National Trust volunteers at a country house who decline to promote the LGBT agenda are being told they cannot meet the public.
The Trust is currently holding a “Prejudice and Pride” season to celebrate homosexuality and transsexualism.
But around ten helpers at Felbrigg Hall in Norfolk have reportedly declined to wear an LGBT lanyard or badge – and so therefore cannot be on duty in “a visitor-facing role”.
Last month the National Trust was criticised for ‘outing’ the late owner of Felbrigg as gay.
Now, further controversy has been caused by an email from the Trust, seen by The Telegraph.
the very opposite of tolerance and diversity
Ella Akinlade, the General Manager of the Hall, called for staff and volunteers to wear rainbow lanyards or badges – “as this is an internationally recognised symbol of inclusivity”.
She adds: “We respect people’s decisions to opt out of wearing the lanyard. If this is the case please come and talk with us and during this period we will ask you not to be on duty in a visitor-facing role.
“By wearing the lanyard we are sending a clear message of welcome to all of our visitors”, she wrote.
Mike Holmes, who has helped at Felbrigg Hall for 13 years, said he is a great advocate for the Hall but now faces a backlash for his views.
“There’s a group of about 10 of us that have volunteered for more than 10 years, and we’ve now been told that if we don’t toe the line, we can’t do our jobs.
“People are getting ill over this, they’re losing sleep because they’re missing out on a big part of their daily lives and doing something they love so much.”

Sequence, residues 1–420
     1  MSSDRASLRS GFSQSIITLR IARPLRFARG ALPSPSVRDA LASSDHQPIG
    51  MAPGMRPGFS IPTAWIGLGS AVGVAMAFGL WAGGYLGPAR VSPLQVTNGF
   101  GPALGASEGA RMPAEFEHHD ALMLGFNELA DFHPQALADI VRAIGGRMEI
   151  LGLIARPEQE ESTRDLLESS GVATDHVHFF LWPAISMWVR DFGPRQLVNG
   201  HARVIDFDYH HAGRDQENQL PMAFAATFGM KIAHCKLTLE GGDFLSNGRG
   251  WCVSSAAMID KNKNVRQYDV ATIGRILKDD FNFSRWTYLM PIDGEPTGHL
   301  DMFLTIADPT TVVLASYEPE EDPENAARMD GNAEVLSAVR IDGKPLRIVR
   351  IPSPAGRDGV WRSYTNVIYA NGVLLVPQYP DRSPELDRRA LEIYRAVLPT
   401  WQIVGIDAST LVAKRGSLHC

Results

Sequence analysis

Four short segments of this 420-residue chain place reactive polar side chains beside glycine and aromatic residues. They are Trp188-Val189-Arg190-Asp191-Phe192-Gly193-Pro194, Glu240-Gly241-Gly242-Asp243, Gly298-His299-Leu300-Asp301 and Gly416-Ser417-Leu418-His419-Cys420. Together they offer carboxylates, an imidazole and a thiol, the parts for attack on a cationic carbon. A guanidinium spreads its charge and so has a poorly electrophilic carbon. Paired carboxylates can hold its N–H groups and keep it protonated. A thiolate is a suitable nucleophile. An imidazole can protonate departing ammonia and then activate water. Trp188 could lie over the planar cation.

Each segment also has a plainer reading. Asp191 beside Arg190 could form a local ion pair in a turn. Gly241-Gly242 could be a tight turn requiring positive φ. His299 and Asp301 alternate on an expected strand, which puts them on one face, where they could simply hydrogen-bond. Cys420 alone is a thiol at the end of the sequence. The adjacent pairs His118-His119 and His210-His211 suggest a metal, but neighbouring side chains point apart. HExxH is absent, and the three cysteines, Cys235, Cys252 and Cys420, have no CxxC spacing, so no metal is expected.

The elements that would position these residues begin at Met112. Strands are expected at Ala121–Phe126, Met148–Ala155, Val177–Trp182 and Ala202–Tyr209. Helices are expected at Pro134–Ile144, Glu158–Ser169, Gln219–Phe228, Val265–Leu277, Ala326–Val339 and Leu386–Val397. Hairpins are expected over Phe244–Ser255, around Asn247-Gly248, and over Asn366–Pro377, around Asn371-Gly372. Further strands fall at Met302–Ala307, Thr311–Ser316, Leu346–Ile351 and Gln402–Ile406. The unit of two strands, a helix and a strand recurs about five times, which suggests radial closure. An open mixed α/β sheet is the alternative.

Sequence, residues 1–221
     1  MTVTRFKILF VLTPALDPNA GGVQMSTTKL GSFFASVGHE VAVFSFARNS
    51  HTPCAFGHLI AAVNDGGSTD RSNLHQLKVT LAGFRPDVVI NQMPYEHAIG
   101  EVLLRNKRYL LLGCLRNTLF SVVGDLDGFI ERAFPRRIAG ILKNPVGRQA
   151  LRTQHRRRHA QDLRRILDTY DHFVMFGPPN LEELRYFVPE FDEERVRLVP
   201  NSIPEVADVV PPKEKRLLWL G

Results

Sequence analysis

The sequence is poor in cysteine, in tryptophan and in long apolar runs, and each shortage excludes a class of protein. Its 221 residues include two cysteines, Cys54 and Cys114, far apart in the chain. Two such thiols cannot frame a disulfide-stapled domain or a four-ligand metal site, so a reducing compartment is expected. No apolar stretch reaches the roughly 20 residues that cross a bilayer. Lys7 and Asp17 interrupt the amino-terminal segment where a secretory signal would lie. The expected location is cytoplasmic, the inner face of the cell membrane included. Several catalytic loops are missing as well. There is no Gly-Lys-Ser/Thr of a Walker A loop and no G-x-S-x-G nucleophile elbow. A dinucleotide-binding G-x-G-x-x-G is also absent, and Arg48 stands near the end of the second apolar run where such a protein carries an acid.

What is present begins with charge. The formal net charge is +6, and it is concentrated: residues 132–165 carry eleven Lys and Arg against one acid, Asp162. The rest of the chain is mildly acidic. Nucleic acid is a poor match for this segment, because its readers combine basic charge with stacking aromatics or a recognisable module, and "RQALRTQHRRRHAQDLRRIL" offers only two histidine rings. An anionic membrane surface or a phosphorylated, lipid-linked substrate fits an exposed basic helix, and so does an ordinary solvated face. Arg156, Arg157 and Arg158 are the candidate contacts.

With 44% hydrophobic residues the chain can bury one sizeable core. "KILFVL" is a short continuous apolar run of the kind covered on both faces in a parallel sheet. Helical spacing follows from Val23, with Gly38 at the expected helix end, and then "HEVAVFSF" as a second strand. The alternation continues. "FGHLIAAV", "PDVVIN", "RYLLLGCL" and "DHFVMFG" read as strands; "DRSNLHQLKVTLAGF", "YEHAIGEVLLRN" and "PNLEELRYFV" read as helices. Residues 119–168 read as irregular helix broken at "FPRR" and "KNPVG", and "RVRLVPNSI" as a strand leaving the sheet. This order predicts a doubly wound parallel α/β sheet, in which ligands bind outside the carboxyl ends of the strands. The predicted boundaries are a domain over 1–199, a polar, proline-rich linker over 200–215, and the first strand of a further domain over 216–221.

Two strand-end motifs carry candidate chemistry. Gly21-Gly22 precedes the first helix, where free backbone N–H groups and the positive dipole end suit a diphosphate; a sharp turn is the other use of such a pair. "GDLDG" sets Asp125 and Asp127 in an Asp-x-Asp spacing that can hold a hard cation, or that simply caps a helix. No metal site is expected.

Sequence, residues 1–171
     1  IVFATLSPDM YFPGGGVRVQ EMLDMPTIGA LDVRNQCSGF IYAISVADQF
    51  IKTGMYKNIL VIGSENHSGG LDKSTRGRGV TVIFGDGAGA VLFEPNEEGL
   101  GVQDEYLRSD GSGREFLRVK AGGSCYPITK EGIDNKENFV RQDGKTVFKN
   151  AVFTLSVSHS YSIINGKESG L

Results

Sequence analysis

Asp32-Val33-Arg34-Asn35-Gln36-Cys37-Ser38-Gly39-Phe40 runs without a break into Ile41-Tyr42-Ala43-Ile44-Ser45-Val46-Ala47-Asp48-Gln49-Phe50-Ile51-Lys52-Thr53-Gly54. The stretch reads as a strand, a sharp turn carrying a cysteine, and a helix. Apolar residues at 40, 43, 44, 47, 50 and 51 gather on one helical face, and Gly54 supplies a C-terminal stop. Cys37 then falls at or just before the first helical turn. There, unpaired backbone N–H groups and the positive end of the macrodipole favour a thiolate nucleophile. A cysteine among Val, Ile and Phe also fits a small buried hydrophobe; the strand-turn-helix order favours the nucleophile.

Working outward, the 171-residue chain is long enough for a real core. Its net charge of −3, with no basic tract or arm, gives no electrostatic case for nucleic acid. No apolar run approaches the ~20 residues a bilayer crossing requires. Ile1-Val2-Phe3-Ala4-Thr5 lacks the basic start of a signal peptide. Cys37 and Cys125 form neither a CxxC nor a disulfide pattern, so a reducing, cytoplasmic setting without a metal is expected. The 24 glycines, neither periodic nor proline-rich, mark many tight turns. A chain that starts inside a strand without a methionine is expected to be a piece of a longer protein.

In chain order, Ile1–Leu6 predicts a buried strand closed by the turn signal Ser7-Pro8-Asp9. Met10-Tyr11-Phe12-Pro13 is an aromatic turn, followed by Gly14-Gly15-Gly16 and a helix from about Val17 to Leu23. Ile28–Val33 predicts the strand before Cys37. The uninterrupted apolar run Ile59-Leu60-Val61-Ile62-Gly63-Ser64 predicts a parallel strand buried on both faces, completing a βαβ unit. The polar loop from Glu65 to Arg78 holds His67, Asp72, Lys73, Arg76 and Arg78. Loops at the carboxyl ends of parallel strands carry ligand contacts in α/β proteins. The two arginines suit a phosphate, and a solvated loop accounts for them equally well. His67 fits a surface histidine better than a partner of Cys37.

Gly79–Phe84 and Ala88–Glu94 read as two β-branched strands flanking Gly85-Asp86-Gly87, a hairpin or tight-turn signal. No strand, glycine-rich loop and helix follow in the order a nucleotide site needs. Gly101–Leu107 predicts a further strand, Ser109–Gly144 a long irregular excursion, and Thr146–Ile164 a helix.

The Daily Telegraph spoke out against the move in an editorial.
“The National Trust maintains that it is celebrating diversity as part of its ‘core ambition’, though its members might question whether that is its proper function.”
“But”, it added, “it is pernicious to insist that volunteers who give freely of their time to help preserve the nation’s heritage should participate in this campaign or be banished to backroom tasks, and thereby implicitly branded homophobic”.
‘Opposite of tolerance’
Simon Calvert, Deputy Director at The Christian Institute, said he thought the move was “the very opposite of tolerance and diversity”.
Describing the move as “wrong and counter-productive”, he said: “It’s saying ‘you’re not welcome’ to Christians, Muslims, Jews and anyone who embraces mainstream, traditional morality.”
In 2014 grandfather Bryan Barkley, who spent almost 20 years volunteering for the Red Cross, was dropped by the organisation for opposing same-sex marriage.